“Bankruptcy” can be a daunting, and even frightening, concept. More challenging, however, is the prospect of continuing to be threatened by a lawsuit, foreclosure, garnishment, bank levy, repossession and, of course, annoying phone calls from creditors.
A better way to get a fresh financial start and to deal with these fears was conceived by the founders of our country when they purposefully included in the Constitution the “subject of Bankruptcies throughout the United States.” And so, through several incarnations, the present bankruptcy law remains the surest way to obtain a fresh financial start.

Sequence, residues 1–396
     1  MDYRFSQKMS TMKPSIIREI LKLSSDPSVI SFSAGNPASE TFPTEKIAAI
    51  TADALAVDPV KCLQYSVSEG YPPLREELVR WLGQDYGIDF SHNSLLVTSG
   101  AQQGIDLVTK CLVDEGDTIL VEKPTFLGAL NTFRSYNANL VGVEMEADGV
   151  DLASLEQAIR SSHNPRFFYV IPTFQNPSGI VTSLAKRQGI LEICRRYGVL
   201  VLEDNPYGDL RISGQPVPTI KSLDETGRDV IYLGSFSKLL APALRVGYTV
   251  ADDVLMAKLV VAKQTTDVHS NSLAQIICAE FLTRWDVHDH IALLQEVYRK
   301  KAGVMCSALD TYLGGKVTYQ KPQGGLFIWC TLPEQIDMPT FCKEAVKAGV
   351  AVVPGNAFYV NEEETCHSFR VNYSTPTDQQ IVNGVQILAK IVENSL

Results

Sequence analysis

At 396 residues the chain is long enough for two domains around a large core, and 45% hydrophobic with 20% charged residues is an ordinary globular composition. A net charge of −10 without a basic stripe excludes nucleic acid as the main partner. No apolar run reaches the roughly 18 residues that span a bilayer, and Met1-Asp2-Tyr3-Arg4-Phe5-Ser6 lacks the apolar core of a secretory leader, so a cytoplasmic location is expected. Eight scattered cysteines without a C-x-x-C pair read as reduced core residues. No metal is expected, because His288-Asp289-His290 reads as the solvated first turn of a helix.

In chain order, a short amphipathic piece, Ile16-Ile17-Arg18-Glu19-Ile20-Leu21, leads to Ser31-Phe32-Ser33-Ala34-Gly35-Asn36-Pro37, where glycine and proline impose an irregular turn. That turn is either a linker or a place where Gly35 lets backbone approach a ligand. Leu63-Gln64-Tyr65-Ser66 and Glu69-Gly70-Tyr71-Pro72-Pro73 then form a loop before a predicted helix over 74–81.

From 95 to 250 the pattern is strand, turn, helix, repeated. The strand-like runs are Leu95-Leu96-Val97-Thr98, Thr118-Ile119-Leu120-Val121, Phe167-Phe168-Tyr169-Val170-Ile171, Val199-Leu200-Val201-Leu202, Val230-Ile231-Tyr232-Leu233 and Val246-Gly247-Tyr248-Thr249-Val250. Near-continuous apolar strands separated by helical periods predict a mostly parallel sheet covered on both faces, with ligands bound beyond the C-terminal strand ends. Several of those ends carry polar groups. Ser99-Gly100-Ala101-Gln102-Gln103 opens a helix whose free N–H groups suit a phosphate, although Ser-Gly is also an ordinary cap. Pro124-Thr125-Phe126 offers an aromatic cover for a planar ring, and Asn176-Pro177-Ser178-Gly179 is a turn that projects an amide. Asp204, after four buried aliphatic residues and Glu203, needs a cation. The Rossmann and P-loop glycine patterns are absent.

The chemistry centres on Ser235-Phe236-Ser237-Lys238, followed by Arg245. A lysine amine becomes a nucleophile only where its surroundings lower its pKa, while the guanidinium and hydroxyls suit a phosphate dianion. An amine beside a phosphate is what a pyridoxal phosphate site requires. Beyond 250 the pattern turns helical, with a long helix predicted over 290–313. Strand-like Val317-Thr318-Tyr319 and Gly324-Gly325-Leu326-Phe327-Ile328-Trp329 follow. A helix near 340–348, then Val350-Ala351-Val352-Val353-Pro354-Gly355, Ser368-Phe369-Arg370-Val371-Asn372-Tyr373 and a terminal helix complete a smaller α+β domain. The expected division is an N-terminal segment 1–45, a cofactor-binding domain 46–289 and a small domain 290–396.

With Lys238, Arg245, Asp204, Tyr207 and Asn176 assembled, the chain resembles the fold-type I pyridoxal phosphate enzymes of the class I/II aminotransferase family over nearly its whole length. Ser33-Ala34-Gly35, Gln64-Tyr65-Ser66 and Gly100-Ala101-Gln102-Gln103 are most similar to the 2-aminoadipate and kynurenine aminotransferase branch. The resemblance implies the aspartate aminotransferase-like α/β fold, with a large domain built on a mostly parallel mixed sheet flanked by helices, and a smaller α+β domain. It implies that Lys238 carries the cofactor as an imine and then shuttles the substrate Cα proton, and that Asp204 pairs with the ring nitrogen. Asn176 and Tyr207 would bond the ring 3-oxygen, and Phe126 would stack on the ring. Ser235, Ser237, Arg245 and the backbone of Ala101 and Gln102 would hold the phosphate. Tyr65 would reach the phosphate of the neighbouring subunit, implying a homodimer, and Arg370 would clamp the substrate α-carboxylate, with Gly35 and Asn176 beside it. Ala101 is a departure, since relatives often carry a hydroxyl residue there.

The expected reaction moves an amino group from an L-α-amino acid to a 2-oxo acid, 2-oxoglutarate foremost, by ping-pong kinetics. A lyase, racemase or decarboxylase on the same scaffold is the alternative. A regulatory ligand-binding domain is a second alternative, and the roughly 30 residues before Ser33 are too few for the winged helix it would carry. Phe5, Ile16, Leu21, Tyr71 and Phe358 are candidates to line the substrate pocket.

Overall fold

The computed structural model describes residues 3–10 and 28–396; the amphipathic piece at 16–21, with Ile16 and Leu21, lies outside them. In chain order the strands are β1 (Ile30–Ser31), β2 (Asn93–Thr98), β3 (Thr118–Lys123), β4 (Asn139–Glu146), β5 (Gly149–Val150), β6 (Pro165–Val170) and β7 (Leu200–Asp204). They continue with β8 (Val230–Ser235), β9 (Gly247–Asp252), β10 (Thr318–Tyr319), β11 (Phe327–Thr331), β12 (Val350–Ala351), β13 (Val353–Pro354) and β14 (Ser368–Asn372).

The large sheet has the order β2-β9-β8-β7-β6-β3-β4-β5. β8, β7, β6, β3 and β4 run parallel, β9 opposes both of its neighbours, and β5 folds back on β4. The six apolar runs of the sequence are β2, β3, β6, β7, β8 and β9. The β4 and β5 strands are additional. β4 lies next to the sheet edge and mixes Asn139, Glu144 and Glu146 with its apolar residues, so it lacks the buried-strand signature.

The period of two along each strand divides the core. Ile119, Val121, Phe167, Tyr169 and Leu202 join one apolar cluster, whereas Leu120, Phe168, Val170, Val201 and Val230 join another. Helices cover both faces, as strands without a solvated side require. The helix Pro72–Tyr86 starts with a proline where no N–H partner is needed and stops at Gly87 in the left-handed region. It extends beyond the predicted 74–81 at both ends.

However, some of the bigger law firms who represent debtors in bankruptcy are known as bankruptcy “mills.” Clients become mere numbers, calls are never returned, and many people end up frustrated and angry that they entrusted one of their most important legal matters to a bankruptcy “mill.” Other law firms put more effort in marketing their services than in representing their clients because they know people are desperate for help. Both the “mills” and the “marketers,” in our opinion, charge too much for their services and do not provide the personal service clients deserve.